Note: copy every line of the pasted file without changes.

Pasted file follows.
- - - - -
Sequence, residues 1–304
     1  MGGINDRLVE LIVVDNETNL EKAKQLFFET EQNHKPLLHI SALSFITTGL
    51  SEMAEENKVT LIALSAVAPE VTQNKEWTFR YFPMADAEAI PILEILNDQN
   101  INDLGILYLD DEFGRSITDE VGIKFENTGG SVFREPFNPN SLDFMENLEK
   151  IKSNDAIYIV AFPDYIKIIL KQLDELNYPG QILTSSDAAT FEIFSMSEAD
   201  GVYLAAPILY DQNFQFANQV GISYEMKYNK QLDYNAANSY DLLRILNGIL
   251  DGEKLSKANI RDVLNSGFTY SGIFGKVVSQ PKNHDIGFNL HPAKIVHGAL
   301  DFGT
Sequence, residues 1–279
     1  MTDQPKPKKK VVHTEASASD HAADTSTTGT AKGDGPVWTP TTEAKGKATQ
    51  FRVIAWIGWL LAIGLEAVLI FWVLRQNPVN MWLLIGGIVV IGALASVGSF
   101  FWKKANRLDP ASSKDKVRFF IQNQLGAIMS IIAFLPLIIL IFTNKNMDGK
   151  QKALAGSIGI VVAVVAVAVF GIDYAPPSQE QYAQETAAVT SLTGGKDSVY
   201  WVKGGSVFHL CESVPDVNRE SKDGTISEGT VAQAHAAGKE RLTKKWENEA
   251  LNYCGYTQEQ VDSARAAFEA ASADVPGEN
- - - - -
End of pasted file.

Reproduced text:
Sequence, residues 1–304
     1  MGGINDRLVE LIVVDNETNL EKAKQLFFET EQNHKPLLHI SALSFITTGL
    51  SEMAEENKVT LIALSAVAPE VTQNKEWTFR YFPMADAEAI PILEILNDQN
   101  INDLGILYLD DEFGRSITDE VGIKFENTGG SVFREPFNPN SLDFMENLEK
   151  IKSNDAIYIV AFPDYIKIIL KQLDELNYPG QILTSSDAAT FEIFSMSEAD
   201  GVYLAAPILY DQNFQFANQV GISYEMKYNK QLDYNAANSY DLLRILNGIL
   251  DGEKLSKANI RDVLNSGFTY SGIFGKVVSQ PKNHDIGFNL HPAKIVHGAL
   301  DFGT
Sequence, residues 1–279
     1  MTDQPKPKKK VVHTEASASD HAADTSTTGT AKGDGPVWTP TTEAKGKATQ
    51  FRVIAWIGWL LAIGLEAVLI FWVLRQNPVN MWLLIGGIVV IGALASVGSF
   101  FWKKANRLDP ASSKDKVRFF IQNQLGAIMS IIAFLPLIIL IFTNKNMDGK
   151  QKALAGSIGI VVAVVAVAVF GIDYAPPSQE QYAQETAAVT SLTGGKDSVY
   201  WVKGGSVFHL CESVPDVNRE SKDGTISEGT VAQAHAAGKE RLTKKWENEA
   251  LNYCGYTQEQ VDSARAAFEA ASADVPGEN